The project takes its name from nearby Aconcagua mountain, which dominates the border and is the highest peak in the Americas at 22,822 feet (6,981 meters) above sea level.
The train engines, which would be powered by electricity rather than coal or diesel to reduce the environmental impact, are to link a transportation hub in Lujan de Cuyo on the Argentine side with Los Andes, Chile. The tunnels will descend from Punta de Vacas, Argentina, at 7,851 feet (2,393 meters) above sea level, to Saladillo, Chile, at 5,039 feet (1,536 meters), both below the steeper slopes and higher altitudes that get paralyzing snow each winter.
The initial phase would open a single tunnel and cost $3.5 billion with a capacity of 24 million tons of cargo a year. Depending on demand, the capacity could grow to 77 million tons and the total price tag to $5.9 billion by adding a second tunnel and additional rail lines on either side. As many as four mechanical excavators will be used to carve through the mountains.
"It's a multimodal system: It works like a ferry. Each train, about 750 meters long, can transport containers of merchandise and trucks with their drivers as well as other train formations, which would switch locomotives to make the crossing," Posse said. The idea is to enable cargo to make the entire journey between Atlantic and Pacific ports without having to be transferred along the way.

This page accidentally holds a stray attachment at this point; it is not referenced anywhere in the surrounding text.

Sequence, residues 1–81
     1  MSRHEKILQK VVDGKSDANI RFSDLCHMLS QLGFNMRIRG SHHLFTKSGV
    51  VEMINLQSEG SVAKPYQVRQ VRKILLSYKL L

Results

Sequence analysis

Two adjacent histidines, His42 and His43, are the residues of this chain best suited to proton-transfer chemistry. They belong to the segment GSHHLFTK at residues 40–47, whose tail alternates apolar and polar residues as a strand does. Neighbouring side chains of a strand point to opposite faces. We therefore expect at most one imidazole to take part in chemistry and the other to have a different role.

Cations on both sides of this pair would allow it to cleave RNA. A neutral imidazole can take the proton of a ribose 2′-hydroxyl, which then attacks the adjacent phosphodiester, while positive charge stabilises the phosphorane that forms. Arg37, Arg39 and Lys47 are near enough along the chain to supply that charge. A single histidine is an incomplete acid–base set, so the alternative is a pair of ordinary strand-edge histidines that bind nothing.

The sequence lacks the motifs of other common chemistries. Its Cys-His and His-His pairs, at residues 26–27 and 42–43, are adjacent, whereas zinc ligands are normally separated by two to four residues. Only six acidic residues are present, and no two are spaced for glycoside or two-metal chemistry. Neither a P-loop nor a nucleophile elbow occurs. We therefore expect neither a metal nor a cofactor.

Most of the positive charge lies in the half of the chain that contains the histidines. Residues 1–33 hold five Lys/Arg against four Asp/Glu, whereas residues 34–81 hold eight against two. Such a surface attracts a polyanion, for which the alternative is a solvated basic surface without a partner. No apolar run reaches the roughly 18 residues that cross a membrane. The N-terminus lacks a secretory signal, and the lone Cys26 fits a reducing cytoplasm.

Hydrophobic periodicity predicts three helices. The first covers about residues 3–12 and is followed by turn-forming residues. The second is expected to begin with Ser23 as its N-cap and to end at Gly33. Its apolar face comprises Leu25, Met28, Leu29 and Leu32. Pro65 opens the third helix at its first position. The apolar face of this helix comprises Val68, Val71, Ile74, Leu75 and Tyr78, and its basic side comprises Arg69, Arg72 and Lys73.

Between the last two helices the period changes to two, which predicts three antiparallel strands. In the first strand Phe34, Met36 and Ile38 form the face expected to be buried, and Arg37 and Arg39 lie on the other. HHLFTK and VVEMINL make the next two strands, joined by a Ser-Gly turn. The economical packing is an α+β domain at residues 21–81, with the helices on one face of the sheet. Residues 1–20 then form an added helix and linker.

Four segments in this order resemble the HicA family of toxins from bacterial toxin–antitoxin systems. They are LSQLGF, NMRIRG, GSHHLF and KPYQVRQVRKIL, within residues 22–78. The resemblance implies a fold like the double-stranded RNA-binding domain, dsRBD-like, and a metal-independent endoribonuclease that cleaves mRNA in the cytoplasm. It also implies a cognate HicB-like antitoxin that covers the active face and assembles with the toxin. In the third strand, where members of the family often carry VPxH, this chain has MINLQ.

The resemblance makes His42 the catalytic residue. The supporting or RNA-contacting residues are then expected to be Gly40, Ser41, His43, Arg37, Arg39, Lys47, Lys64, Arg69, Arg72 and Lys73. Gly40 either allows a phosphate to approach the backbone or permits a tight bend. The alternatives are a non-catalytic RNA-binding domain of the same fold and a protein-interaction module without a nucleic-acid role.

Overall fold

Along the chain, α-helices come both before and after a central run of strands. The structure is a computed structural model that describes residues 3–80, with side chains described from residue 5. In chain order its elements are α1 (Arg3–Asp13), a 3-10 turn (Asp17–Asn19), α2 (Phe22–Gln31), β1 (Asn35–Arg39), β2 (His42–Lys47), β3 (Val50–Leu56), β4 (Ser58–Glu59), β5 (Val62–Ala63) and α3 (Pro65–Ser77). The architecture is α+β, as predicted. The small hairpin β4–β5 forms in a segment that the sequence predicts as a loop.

Any megaproject faces difficulties in a region as politically and economically unstable as Latin America. To start with, there's no guarantee that the consortium will win the bid, although Corporation America and Empresas Navieras are corporate leaders in Argentina and Chile, and Mitsubishi is one of the world's largest trading companies.
Posse said there's nothing particularly challenging about the Andes that engineers aren't already resolving in the Alps.
"An enormous amount of understanding has developed in the last 20 years and this is a huge advantage," he said. "What has been learned digging long tunnels is that the most important thing is to be obsessively prepared for what might happen in the field."
And promoters say it will pay for itself and more through cargo fees that companies the world over will gladly pay to speed their products to market.
"We're betting on reducing the travel time to a third of what it is now, and this bringing more profits all around. We're talking about cargo fees that will make the shipments cheaper and Argentine and Chilean exports more competitive," Posse said.